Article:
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    Author(s): Rajtilak Majumdar; Rakesh Minocha; Subhash Minocha
    Date: 2015
    Source: In: D'Mello, J.P.F., ed. Amino acids in higher plants. Osfordshire, UK: CABI: 156-176. Chapter 9.
    Publication Series: Book Chapter
    Station: Northern Research Station
    PDF: Download Publication  (269.0 KB)

    Description

    After the 20 amino acids that make up the proteins in all living organisms, ornithine perhaps occupies the most critical position among the non-protein amino acids. It sits at the crossroads of interconversions of glutamate and arginine on the one hand and the production of proline, polyamines and several alkaloids on the other: all products of tremendous importance to living cells. While ornithine is typically not an abundant amino acid, the metabolic flux of nitrogen through this amino acid is presumably quite rapid because of the cellular contents of the products for which it serves as the substrate. Our current knowledge of the regulation of ornithine biosynthesis is rather limited and mostly dependent upon the research targeted at understanding arginine and proline metabolism, and to some extent polyamine and alkaloid biosynthesis. Whereas most of the ornithine biosynthesis in animals occurs on the way to the production of glutamate, proline and putrescine from dietary arginine, in plants the pathway works in the reverse order, i.e. glutamate, the first product of nitrogen assimilation is the primary source of arginine, proline and putrescine. An understanding of the regulation of ornithine metabolism could help us in the genetic manipulation of plants for stress tolerance (via manipulation of proline and γ-aminobutyric acid, and the polyamine pathway), as well as in nutritional improvement (the cellular contents of important amino acids – arginine and citrulline among others). Based upon the recent observations of a strong connection between polyamine biosynthesis, ornithine metabolism and glutamic acid metabolism, it can be proposed that ornithine may act as a controlling metabolite to enhance nitrogen assimilation and, consequently, increased carbon assimilation.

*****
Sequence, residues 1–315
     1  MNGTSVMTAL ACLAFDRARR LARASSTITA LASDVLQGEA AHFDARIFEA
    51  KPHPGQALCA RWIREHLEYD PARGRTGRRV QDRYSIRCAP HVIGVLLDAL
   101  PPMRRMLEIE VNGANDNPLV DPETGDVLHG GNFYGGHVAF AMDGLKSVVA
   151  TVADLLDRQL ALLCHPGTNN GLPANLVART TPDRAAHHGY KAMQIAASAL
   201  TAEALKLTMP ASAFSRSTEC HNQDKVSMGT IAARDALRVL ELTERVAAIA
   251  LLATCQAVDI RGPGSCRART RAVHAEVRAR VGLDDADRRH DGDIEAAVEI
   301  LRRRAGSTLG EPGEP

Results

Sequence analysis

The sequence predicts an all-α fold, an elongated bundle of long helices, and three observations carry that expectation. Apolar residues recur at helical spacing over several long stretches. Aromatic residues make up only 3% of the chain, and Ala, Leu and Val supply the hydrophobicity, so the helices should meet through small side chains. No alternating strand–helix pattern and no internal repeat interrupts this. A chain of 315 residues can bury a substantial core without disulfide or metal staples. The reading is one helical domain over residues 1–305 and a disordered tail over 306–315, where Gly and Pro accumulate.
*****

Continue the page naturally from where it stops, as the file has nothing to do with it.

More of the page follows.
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    Citation

    Majumdar, Rajtilak; Minocha, Rakesh; Minocha, Subhash. 2015. Ornithine: at the crossroads of multiple paths to amino acids and polyamines. In: D'Mello, J.P.F., ed. Amino acids in higher plants. Osfordshire, UK: CABI: 156-176. Chapter 9.

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